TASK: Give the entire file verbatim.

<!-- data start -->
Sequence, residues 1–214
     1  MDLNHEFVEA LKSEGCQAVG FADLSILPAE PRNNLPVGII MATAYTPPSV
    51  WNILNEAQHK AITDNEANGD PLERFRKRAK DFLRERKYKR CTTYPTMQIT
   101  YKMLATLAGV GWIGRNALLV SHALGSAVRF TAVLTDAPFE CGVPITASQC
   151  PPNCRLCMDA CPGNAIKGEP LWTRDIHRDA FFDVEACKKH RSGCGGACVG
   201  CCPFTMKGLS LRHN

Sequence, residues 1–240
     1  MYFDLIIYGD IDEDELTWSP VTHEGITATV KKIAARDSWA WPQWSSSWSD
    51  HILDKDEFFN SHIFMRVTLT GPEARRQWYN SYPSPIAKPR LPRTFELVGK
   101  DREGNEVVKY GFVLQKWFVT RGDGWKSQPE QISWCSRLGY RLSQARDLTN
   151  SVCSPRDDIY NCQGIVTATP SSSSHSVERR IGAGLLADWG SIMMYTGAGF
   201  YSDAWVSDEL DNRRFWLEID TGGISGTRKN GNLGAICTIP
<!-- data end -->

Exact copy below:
Sequence, residues 1–214
     1  MDLNHEFVEA LKSEGCQAVG FADLSILPAE PRNNLPVGII MATAYTPPSV
    51  WNILNEAQHK AITDNEANGD PLERFRKRAK DFLRERKYKR CTTYPTMQIT
   101  YKMLATLAGV GWIGRNALLV SHALGSAVRF TAVLTDAPFE CGVPITASQC
   151  PPNCRLCMDA CPGNAIKGEP LWTRDIHRDA FFDVEACKKH RSGCGGACVG
   201  CCPFTMKGLS LRHN

Sequence, residues 1–240
     1  MYFDLIIYGD IDEDELTWSP VTHEGITATV KKIAARDSWA WPQWSSSWSD
    51  HILDKDEFFN SHIFMRVTLT GPEARRQWYN SYPSPIAKPR LPRTFELVGK
   101  DREGNEVVKY GFVLQKWFVT RGDGWKSQPE QISWCSRLGY RLSQARDLTN
   151  SVCSPRDDIY NCQGIVTATP SSSSHSVERR IGAGLLADWG SIMMYTGAGF
   201  YSDAWVSDEL DNRRFWLEID TGGISGTRKN GNLGAICTIP